9 Facts you should know about the United Nations

US President Donald J. Trump speaks as UN Ambassador Nikki Haley looks on at the United Nations Global Call to Action on the World Drug Problem during the 73rd UN General Assembly in New York on September 24. (Reuters/Carlos Barria)

The 73rd session of the United Nations General Assembly opened in New York on September 18. General debate opens on September 25. US President Donald J. Trump will be among a galaxy of world leaders who will address the meeting.

Here are nine facts to help you brush up on your UN trivia.

First, some history. The United Nations Charter was signed on June 26, 1945. The Charter went into force four months later in October, 1945.

The UN Charter states that the main purpose of the world body is to—“maintain international peace and security,” “develop friendly relations among nations,” “achieve international co-operation in solving international problems,” and “be a center for harmonizing the actions of nations in the attainment of these common ends.”

Who’s the boss? The United Nations General Assembly in 2016 appointed by acclamation António Guterres, a former prime minister of Portugal, as the next United Nations Secretary-General. He succeeded Ban Ki-moon.

The secretary-general serves a five-year term, which is renewable. Guterres is the ninth occupant of the post.

The UN Charter describes the secretary-general as the “chief administrative officer” of the United Nations. He or she carries out the work of the United Nations as directed by the Security Council, General Assembly, Economic and Social Council, and other United Nations organs.

And that’s a table for? The United Nations has 193 members. South Sudan became the 193rd member in 2011.

But someone is not at the party. The Vatican City is the one undisputed independent state that has never applied for full membership. Instead, it is an observer of the United Nations.

What’s the General Assembly? The General Assembly is the “main deliberative, policymaking and representative organ” of the United Nations. It is made up of representatives from each member state. Each member state has one vote in the assembly. However, the decisions of the General Assembly have no legal binding force.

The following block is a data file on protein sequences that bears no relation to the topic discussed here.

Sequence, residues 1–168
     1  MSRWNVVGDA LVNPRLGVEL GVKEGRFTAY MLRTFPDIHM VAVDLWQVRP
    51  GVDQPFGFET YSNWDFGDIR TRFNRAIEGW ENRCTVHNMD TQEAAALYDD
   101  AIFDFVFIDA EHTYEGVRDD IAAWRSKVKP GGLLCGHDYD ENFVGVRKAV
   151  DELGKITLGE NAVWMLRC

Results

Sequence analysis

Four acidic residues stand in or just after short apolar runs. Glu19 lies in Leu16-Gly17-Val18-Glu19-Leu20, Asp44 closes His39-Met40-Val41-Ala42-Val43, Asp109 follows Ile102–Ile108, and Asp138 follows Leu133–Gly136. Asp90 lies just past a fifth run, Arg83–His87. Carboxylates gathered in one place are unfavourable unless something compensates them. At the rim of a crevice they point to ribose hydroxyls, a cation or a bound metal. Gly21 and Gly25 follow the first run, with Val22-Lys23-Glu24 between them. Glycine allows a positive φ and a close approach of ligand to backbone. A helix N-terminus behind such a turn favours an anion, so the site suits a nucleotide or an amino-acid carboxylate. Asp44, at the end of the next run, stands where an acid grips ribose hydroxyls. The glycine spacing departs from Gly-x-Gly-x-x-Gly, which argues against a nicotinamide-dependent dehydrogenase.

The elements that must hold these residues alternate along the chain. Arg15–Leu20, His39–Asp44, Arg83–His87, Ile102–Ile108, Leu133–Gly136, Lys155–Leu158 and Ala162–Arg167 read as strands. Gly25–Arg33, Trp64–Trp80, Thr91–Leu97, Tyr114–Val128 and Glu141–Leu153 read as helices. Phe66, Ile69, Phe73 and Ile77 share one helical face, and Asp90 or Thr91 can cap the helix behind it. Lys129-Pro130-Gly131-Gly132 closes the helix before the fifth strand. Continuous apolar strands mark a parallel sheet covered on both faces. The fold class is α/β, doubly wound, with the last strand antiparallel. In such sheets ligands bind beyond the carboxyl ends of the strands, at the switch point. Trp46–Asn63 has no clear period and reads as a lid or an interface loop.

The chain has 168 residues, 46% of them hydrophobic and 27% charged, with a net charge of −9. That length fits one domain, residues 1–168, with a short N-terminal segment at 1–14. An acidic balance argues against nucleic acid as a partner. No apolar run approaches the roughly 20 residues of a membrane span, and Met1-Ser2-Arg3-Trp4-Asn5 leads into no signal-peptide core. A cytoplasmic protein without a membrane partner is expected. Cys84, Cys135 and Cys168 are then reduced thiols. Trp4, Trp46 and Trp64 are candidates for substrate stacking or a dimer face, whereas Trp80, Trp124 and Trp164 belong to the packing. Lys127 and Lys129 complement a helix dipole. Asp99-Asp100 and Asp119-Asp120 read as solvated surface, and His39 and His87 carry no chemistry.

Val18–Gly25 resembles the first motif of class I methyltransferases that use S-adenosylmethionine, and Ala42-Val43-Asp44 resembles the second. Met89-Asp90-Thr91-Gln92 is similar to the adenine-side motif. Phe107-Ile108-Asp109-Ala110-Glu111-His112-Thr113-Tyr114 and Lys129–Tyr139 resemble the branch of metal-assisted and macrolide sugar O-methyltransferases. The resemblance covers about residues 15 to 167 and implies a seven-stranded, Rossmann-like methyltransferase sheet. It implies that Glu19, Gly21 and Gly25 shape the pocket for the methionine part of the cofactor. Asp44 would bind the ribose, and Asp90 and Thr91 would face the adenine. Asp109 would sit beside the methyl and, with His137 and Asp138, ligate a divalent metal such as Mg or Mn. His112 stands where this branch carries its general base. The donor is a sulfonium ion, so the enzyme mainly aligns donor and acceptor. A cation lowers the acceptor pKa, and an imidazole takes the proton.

And the P5? The United Nations Security Council has fifteen members of which five are permanent. So, of course, they get the cool moniker “the P5.” These five permanent members are the United States, the United Kingdom, Russia, France, and China. All five have special veto powers.

The General Assembly elects the ten non-permanent members for two-year terms. The current ten and the year their terms end are:

    • Bolivia (2018)
    • Côte d’Ivoire (2019)
    • Equatorial Guinea (2019)
    • Ethiopia (2018)
    • Kazakhstan (2018)
    • Kuwait (2019)
    • Netherlands (2018)
    • Peru (2019)
    • Poland (2019)
    • Sweden (2018)

What goes around comes around. The presidency of the United Nations Security Council changes monthly going alphabetically among member states. In September that responsibility falls to the United States.

Keeping the peace. The United Nations has more than 110,000 peacekeepers in fourteen operations around the world. At present, 123 member states contribute military and police personnel.

And the award goes to… In 2001, the Nobel Peace Prize was jointly awarded to the United Nations and its Secretary-General Kofi Annan “for their work for a better organized and more peaceful world.”

Ashish Kumar Sen is deputy director of communications, editorial, at the Atlantic Council. Follow him on Twitter @AshishSen.